Companies like Jpay lobby hard to be the exclusive conduit for remittances from prisoners' families to the inmates, taking a huge rake off the top of funds sent to pay for essentials like warm clothes, medical care and food.
As America's increasingly privatized prisons turn to prisoners' families as income sources, prisoners are expected to pay for warm clothing, food, and other essentials, and Jpay and its competitors take up to 45% in processing fees, in some cases kicking back 50% to the prisons and jails themselves. That's in addition to lavish parties and awards that Jpay sponsors, not to mention its direct lobbying to Congress and state legislatures.
Funding prisons out of the pockets of families and inmates has non-financial costs too, says Brian Nelson, who spent 28 years in an Illinois state prison for murder. Nelson says he has "become an asset to society" since he was released four years ago because he stayed in touch with family and priests even when he was in solitary confinement. When inmates can't afford to maintain contact with the outside world, he says, they are less equipped to transition smoothly to civilian life.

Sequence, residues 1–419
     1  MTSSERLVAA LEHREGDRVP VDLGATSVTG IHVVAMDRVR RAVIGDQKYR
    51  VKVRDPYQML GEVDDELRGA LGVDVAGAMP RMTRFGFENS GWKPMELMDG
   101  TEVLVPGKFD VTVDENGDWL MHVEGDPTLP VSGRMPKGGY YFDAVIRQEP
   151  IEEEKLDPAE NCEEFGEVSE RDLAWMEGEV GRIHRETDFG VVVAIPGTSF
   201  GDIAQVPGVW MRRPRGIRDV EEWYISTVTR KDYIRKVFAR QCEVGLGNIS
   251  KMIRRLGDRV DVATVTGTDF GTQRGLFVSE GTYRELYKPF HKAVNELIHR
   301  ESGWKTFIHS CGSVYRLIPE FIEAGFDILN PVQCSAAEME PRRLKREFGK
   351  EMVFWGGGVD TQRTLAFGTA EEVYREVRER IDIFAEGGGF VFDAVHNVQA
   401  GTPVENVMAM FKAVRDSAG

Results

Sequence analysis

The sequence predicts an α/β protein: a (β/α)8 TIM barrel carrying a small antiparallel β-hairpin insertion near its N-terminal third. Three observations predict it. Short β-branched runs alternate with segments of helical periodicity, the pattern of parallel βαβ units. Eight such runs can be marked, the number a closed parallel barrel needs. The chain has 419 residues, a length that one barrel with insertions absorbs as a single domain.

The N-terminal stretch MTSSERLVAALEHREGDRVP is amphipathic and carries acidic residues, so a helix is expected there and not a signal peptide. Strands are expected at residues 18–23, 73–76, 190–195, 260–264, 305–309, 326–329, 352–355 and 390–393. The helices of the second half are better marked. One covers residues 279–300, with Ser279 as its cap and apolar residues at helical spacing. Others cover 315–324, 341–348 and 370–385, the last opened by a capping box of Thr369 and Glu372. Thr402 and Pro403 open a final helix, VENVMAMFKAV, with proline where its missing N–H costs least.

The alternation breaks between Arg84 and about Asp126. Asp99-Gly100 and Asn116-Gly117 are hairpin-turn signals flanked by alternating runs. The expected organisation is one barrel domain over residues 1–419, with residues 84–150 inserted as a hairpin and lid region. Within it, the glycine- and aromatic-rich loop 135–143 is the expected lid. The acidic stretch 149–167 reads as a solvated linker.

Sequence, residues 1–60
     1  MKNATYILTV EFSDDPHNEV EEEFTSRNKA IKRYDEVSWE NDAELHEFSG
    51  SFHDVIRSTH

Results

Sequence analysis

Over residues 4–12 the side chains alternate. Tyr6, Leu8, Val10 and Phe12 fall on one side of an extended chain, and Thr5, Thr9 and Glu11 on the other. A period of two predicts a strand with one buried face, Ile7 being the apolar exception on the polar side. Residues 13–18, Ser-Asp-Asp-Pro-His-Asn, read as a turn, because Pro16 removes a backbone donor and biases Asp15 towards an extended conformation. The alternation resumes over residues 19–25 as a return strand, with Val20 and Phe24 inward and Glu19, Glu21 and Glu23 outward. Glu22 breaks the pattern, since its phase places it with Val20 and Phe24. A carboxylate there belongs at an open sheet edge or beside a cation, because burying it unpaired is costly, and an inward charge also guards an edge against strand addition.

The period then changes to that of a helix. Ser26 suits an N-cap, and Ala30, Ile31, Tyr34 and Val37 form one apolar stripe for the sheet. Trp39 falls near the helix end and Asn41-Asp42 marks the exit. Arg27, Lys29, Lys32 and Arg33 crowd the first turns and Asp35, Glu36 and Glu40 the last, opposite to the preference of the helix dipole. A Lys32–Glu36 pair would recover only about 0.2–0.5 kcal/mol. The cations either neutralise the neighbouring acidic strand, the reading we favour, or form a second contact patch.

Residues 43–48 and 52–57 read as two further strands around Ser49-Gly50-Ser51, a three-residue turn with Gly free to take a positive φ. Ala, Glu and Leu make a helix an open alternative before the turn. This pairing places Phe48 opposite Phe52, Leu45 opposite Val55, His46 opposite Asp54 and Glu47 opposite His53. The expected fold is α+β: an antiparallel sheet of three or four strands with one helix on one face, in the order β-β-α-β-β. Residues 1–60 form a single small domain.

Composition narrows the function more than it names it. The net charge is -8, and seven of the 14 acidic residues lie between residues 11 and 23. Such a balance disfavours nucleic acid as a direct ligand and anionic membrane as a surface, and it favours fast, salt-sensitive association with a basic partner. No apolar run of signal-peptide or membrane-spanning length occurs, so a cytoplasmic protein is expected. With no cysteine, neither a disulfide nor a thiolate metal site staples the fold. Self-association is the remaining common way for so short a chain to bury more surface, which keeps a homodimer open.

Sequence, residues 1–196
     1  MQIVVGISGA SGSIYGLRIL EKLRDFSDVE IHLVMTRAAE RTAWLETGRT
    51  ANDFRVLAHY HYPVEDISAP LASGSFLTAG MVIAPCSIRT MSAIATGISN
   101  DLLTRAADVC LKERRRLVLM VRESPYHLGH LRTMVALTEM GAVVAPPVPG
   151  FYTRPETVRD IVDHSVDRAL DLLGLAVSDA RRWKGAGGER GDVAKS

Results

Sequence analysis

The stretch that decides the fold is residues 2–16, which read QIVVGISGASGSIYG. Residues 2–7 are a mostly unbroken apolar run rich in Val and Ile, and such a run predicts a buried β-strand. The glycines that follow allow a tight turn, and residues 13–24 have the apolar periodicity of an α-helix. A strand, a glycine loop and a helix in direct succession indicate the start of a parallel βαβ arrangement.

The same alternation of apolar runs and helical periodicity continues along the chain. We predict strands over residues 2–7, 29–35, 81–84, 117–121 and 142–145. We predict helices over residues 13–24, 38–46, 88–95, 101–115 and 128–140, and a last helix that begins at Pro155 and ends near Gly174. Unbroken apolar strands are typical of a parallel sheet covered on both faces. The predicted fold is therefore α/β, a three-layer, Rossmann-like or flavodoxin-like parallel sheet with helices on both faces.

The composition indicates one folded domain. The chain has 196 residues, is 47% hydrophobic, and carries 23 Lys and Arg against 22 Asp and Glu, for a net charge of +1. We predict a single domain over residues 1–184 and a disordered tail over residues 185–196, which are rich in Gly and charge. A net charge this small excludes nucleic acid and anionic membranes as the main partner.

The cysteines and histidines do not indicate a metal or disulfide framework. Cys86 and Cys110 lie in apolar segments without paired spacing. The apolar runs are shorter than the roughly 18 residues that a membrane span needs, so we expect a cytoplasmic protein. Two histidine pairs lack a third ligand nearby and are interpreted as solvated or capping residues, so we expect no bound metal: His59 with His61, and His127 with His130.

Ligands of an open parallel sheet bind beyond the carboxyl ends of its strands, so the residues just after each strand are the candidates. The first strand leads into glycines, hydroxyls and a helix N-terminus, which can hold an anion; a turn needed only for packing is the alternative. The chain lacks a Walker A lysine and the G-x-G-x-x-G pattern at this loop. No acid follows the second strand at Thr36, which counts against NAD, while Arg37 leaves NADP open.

The effect on poor families is especially harsh, Nelson says: "It's a wife that has three children at home, and her husband is in jail, so now she has a choice: Do I send money to him so he can afford to stay in touch with the kids, or do I feed the kids?"
Inmates' need for money is inescapable, Nelson says. Those in northern Illinois are not issued cold-weather clothes, he says, leaving them vulnerable to frostbite unless they can get money to pay for prison-approved long underwear and boots.
Meet the Prison Bankers Who Profit From the Inmates [Daniel Wagner/Center for Public Integrity/Time]